Around 20 years ago, if you were asked in school, “How many planets are there in the Solar System,” the answer was unanimous: “NINE!” A familiar memory of class on the universe throws up this learning that the planets of Mercury, Venus, Earth, Mars, Jupiter, Saturn, Uranus, Neptune, and Pluto, make up the nine planets that orbit the Sun. But here is a fact! There are not nine planets in the Solar System, but EIGHT!
On August 24, 2006, the International Astronomical Union (IAU) downgraded Pluto from its position as the ninth planet from the Sun, to one of five ‘dwarf planets’. The decision was taken at the then General Assembly of the IAU, emerging as a defining moment for Astronomy. The whole debate and subsequent decision emanated from the definition of the term ‘planet’.
A small, mysterious world
The celestial body formerly known as the planet Pluto was discovered on February 18, 1930, at the Lowell Observatory in Flagstaff, Arizona, by astronomer Clyde W Tombaugh. Named by 11-year-old Venetia Burney of Oxford, England, Pluto emerged as a favourite among astronomy enthusiasts and stargazers, owing to the awe permeated from its sheer distance from the Sun (5.9 billion km) and its substantially small size compared to its larger neighbours in the Solar System.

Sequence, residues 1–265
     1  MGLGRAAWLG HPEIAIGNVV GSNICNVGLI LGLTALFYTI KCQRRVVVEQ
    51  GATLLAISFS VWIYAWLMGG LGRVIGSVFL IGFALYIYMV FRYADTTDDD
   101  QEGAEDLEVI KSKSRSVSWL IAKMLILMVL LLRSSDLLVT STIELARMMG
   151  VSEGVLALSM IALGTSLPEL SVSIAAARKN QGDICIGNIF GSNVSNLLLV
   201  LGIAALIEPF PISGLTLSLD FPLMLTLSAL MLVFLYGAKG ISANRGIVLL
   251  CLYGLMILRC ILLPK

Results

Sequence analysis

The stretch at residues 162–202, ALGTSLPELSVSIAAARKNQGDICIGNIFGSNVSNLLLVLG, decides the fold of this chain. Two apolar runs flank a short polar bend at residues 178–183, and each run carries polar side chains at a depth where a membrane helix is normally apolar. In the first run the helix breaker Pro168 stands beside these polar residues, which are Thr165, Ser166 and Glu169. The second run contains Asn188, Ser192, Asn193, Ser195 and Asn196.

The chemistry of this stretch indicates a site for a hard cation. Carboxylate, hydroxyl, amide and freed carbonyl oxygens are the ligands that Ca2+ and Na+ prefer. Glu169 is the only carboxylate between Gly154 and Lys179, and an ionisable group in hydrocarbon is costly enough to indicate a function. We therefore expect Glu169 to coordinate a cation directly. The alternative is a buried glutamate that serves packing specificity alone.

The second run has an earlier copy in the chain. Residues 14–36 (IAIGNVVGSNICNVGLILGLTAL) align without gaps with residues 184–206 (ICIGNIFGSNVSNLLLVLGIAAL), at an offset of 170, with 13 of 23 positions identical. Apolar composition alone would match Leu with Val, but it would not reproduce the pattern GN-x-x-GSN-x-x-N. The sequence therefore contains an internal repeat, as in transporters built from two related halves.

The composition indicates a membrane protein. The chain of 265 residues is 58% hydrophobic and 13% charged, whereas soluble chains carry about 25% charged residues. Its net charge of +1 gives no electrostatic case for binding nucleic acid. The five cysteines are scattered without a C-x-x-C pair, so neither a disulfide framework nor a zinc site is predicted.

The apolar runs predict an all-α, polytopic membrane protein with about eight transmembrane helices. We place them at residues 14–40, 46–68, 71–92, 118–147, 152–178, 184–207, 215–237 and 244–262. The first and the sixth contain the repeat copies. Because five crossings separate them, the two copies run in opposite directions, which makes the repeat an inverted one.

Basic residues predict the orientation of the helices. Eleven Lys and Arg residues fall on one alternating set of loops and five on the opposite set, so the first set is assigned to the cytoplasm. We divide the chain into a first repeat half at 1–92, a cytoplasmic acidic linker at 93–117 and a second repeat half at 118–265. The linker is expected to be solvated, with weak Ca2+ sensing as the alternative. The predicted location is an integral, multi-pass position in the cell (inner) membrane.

With a diameter of just 2,376.6 km, Pluto is even smaller than our Moon, with its 3,474.8-km diameter. Pluto’s landscape is characterised by mountains, valleys, plains, and craters, with temperatures ranging from -226°C to -240°C. This inhospitable climate is attributed to Pluto’s thin atmosphere, and its icy surface composed of frozen methane and nitrogen.
Pluto’s unusual orbit around the Sun is the longest compared to any planet. Its 248-year-long, oval-shaped orbit can take it as far as 49.3 AU from the Sun, and as close as 30 AU. Pluto is currently in the middle of a revolution, which will be completed on March 23, 2178.
Planet no more
The term ‘planet’ once loosely described any large object within the Solar System, orbiting the Sun. Around 2006, planets came to be defined as “celestial objects large enough to be made rounded by their gravitational orbit around the Sun and to have shooed away neighbouring planetary objects and debris”.
Accordingly, the IAU classified Pluto as a “dwarf planet” because, while it is large enough to have become spherical (hydrostatic equilibrium), it is not big enough to exert its orbital dominance and clear the neighbourhood surrounding its orbit. Throughout its existence, it has not managed to clear its neighbourhood. This means that a planet must become gravitationally dominant, like the Earth is in relation to the Moon. Hence, any large body that does not meet these criteria is now classed as a dwarf planet, and that includes Pluto, which shares its orbital neighbourhood with the Kuiper Belt.
This means that now only the rocky worlds of the inner Solar System and the gas giants of the outer system are planets. And like this, Pluto lost its planetary position in the Solar System, but forever remains the favourite ‘smallest, ninth planet’ for many.